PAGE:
The community is located in Utah and happens to be in the third largest county in the state that had an 80% increase in the 85 and over population from 2000 to 2010. This can be a difficult type of property to sell, however, where the 40-unit skilled nursing and rehab component generates 45% of the revenues and is only private pay and Medicare. And pricing can be difficult because one has to decide whether to use a blended cap rate or internal rate of return for the various components. Plus, a buyer had to look at the margins of the various components to see if there was room for improvement, and it looks like there may be. The overall operating margin is about 25%, and given there is no Medicaid in the rehab facility, and that IL margins should be close to 40%, there may be some room to move the needle a bit. A non-traded REIT was the purchaser, paying $68.0 million, or $276,400 per unit, which may be the highest price paid for a senior care asset in Utah. Based on 2014 estimated cash flow, it looks like the cap rate was between 5.1% and 5.5%, but perhaps just over 6.0% on 2015 estimated cash flow. This is after a 6% management fee ($850,000), and when this number gets high, some buyers discount this significantly when calculating what their true cap rate is. Any way you look at it, this was an aggressively priced deal, but one with a lot of interest, at least from the financial buyers. The prize is a state-of-the-art community in a strong market that has obvious local appeal. But as the residents age and start needing the SNF component, we wonder how that will impact the financial dynamic of what if currently a short-term rehab facility with most customers coming from outside the CCRC. But at 97% or higher occupancy with the ability to push rates, it may not matter. Evans Senior Investments took on the assignment with the owners and beat the early estimates of what this community might sell for. And the record may stand for a while.........................Want to read more news? Click here for a free trial to The SeniorCare Investor and download the current issue today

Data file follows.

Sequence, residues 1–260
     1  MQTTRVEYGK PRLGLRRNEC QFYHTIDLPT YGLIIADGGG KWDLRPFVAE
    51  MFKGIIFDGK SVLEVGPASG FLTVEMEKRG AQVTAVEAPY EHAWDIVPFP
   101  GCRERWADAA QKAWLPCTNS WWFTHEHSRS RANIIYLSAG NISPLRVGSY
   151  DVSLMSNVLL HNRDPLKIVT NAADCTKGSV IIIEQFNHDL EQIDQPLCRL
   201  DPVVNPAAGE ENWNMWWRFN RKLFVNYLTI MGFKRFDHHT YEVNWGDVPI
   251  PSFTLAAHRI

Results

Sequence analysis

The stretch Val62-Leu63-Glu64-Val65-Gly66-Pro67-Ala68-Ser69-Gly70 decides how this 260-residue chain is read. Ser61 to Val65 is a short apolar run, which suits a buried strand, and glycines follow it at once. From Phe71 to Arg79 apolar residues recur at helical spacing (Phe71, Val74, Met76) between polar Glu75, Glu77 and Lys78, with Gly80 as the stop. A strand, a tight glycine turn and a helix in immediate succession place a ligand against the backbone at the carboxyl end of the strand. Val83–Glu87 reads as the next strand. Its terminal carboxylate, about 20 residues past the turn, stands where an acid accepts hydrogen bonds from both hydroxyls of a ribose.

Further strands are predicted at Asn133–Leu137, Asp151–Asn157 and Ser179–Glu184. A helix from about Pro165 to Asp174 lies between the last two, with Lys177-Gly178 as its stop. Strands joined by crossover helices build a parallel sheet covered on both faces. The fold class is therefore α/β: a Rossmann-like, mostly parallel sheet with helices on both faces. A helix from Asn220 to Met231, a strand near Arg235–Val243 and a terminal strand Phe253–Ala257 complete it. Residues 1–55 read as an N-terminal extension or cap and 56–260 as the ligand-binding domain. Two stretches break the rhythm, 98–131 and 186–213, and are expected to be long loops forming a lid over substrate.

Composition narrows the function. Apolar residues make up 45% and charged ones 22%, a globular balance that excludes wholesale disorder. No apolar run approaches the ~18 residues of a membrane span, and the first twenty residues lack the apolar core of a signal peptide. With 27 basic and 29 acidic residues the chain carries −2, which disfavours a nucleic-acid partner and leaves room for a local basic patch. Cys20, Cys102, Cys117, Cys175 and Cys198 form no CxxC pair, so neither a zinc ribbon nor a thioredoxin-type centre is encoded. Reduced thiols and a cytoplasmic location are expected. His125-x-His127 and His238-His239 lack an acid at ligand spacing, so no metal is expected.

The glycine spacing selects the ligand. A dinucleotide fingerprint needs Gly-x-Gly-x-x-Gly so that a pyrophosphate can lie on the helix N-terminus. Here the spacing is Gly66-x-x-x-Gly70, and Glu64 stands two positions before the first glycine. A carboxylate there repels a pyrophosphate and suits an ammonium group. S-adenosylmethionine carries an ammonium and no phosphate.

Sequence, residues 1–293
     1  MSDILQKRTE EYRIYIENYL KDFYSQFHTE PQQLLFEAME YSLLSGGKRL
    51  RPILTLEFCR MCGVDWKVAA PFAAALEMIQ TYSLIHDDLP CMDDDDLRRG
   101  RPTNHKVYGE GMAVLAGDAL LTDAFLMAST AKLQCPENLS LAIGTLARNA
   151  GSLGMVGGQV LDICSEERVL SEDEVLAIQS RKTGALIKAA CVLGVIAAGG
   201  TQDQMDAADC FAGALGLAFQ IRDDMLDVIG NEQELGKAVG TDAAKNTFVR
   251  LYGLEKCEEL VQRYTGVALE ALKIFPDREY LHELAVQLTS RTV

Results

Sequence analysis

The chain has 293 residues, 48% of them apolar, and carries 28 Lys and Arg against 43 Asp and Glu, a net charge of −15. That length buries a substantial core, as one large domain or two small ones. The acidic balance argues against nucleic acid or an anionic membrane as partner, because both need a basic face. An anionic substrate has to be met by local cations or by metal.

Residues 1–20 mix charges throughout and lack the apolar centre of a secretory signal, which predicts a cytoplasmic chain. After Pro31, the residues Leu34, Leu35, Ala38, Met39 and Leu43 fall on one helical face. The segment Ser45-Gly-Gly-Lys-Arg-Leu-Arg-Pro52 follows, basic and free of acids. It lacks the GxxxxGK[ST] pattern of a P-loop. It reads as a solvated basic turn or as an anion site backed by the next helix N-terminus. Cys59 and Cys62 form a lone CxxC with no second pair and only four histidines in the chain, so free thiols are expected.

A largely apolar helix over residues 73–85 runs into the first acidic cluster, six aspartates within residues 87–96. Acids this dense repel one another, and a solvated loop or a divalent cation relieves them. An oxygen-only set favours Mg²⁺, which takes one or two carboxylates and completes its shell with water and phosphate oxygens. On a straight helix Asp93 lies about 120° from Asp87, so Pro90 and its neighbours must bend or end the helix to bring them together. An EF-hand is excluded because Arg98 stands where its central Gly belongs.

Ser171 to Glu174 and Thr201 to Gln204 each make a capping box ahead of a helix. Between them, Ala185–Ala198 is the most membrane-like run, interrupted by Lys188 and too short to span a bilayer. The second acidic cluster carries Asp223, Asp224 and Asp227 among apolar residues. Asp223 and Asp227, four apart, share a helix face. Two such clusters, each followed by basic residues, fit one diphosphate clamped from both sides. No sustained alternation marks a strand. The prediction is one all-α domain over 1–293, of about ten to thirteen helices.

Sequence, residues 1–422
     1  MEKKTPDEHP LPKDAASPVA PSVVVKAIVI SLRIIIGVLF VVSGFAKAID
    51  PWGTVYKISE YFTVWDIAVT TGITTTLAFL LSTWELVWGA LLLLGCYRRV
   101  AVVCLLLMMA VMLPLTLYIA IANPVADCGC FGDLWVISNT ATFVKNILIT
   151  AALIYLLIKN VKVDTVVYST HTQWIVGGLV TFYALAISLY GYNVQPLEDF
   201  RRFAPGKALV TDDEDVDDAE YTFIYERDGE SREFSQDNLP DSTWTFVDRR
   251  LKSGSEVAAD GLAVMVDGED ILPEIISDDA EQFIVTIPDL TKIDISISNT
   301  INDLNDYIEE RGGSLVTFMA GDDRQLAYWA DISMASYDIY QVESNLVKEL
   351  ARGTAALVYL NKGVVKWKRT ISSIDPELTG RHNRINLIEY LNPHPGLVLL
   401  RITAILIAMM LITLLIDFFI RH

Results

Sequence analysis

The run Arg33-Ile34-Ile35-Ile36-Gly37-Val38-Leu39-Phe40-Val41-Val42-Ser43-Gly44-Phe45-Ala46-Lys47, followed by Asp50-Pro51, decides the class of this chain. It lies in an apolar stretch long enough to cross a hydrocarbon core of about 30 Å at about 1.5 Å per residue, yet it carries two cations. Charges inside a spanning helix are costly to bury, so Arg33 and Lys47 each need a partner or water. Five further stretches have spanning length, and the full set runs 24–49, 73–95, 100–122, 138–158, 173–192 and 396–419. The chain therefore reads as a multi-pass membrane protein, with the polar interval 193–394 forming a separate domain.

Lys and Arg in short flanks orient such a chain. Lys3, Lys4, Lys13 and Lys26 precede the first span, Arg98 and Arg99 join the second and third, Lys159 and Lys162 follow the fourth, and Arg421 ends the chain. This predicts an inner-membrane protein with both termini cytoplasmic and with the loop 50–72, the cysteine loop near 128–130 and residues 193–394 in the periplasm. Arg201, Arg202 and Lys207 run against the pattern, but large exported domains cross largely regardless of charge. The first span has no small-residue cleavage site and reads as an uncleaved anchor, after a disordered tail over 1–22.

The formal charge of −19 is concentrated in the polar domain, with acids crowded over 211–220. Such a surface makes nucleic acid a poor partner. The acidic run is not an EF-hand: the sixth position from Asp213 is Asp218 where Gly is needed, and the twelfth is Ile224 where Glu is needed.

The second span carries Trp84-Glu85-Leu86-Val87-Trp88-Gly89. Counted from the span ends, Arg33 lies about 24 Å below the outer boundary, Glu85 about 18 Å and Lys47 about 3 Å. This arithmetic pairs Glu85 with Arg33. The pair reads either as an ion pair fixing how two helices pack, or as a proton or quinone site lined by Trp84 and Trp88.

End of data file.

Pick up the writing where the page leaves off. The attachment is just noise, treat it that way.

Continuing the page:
Financing of the Week